$500 billion to be spent on cyber security worldwide
Enterprises worldwide are expected to spend nearly $500 billion this year to deal with problems related to malware and data breaches, a new study says. According to the joint study conducted by IDC and the National University of Singapore (NUS), enterprises may have to spend $127 billion on security issues and $364 billion dealing with data breaches.
Global consumers, on the other hand, are expected to spend $25 billion and waste 1.2 billion hours this year because of security threats and costly computer fixes stemming from malware on pirated software.
The study, titled “The Link Between Pirated Software and Cybersecurity Breaches” found 60 per cent respondents (consumers) saying their greatest fear from infected software is loss of data, files or personal information. This is followed by unauthorised Internet transactions (51 per cent) and hijacking of email, social networking and bank accounts (50 per cent).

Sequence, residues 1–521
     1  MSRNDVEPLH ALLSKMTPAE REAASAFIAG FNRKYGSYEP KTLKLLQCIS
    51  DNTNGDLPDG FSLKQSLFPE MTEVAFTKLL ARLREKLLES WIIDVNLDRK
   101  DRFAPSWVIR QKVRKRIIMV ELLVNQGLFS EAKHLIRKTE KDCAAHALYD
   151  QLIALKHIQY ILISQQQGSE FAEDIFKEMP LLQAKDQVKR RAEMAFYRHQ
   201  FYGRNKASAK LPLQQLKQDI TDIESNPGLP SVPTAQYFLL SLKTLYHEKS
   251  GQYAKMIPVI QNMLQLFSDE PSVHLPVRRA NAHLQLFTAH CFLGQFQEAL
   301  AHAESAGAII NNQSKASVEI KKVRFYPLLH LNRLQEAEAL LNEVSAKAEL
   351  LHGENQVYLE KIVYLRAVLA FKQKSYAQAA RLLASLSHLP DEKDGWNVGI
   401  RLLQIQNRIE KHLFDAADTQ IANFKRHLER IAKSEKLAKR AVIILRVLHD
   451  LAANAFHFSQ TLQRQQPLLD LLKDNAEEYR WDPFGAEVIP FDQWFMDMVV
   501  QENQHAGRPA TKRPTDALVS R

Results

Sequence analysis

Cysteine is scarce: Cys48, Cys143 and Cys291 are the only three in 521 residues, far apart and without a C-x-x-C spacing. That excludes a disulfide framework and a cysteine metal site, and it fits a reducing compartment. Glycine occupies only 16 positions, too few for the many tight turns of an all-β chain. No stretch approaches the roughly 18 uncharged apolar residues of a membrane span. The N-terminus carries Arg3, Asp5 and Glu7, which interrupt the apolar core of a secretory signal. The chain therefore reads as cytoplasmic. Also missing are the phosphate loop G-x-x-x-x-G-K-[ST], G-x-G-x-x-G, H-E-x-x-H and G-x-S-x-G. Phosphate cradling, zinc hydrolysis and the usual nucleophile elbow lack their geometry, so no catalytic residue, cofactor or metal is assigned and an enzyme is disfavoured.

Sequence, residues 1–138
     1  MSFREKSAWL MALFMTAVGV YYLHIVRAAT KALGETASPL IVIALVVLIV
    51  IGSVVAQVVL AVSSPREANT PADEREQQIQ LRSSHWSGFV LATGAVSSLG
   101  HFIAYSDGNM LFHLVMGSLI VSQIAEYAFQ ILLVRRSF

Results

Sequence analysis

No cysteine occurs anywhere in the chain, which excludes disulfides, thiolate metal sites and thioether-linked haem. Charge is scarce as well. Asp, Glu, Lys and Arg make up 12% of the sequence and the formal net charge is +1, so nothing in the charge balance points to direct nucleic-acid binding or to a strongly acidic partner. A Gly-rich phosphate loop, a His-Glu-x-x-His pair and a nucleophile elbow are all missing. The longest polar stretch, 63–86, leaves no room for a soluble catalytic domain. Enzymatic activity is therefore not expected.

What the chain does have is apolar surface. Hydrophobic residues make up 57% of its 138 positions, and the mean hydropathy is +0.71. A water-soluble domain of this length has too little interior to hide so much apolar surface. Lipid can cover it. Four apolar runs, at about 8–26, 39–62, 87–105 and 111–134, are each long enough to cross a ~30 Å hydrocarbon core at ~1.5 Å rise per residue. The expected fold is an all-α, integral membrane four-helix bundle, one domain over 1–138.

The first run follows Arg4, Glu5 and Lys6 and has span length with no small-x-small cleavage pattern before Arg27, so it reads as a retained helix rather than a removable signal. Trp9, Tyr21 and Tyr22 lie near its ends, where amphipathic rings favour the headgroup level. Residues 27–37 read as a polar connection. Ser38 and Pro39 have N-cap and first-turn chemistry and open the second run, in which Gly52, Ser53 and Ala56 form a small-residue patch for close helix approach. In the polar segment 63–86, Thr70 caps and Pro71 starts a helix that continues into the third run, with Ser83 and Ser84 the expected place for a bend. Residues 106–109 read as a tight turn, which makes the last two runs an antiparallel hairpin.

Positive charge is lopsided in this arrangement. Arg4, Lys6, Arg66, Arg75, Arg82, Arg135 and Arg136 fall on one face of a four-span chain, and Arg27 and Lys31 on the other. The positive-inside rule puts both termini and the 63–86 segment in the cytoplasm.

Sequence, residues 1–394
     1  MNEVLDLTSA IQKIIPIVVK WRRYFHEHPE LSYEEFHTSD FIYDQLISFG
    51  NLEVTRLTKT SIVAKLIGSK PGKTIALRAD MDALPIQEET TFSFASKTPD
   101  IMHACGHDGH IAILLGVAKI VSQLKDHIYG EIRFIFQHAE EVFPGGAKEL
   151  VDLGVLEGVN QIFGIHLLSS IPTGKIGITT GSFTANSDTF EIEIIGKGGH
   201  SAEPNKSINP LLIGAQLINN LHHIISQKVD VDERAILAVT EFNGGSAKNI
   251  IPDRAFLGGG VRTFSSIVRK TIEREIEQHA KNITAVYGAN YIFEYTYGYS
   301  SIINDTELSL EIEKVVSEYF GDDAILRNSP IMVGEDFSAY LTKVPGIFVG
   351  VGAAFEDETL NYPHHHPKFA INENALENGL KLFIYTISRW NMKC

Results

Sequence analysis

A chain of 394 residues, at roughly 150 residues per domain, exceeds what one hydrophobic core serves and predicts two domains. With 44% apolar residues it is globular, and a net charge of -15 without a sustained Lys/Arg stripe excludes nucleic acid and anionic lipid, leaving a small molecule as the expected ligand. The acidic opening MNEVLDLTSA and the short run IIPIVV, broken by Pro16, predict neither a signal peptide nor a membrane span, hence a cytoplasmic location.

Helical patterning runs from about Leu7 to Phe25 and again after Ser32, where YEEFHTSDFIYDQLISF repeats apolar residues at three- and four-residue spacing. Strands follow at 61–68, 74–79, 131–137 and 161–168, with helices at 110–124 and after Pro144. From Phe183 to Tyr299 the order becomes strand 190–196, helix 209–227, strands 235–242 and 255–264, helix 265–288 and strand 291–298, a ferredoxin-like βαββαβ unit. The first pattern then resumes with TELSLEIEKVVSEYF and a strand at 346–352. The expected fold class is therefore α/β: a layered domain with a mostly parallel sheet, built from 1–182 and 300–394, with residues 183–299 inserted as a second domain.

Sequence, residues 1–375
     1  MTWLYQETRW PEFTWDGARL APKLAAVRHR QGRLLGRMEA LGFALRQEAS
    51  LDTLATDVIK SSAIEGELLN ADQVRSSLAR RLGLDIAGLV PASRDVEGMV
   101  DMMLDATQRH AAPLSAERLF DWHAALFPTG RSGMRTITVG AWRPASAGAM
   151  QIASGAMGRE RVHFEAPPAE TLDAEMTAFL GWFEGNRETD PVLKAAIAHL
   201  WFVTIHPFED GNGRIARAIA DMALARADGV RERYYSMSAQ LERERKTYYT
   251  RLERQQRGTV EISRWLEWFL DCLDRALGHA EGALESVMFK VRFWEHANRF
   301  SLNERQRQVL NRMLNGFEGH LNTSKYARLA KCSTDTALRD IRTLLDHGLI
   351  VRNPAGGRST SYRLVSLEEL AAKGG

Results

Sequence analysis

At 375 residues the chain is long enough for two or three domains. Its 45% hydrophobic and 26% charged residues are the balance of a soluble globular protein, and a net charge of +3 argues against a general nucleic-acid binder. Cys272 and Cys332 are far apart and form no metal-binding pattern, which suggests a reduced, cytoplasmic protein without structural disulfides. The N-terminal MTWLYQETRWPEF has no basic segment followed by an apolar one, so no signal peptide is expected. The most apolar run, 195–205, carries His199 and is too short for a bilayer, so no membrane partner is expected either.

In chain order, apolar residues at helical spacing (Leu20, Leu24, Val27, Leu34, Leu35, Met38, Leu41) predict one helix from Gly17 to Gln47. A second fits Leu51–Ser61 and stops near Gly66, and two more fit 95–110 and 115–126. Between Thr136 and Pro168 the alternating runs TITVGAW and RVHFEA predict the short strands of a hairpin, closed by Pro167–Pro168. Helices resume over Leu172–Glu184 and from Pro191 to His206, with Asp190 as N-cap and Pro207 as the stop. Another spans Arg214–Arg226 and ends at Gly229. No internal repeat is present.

“Cybercriminals are profiting from any security lapse they can find, with financially devastating results for everyone,” Microsoft Cybercrime Center Executive Director and Associate General Counsel David Finn said.
The study was released as part of Microsoft’s ‘ Play It Safe’ campaign, a global initiative to create greater awareness of the connection between malware and piracy. The study stated that nearly two-thirds of enterprises surveyed said they could lose $315 billion at the hands of organised criminals. Nearly 20 per cent of the pirated software in enterprises is installed by employees, it added.
About 28 per cent of enterprise respondents reported security breaches causing network, computer or website outages occurring every few months or more with 65 per cent of those outages involved malware on end-user computers.
“Using pirated software is like walking through a field of landmines: You don’t know when you will come upon something nasty, but if you do it can be very destructive,” IDC Chief Researcher John Gantz said.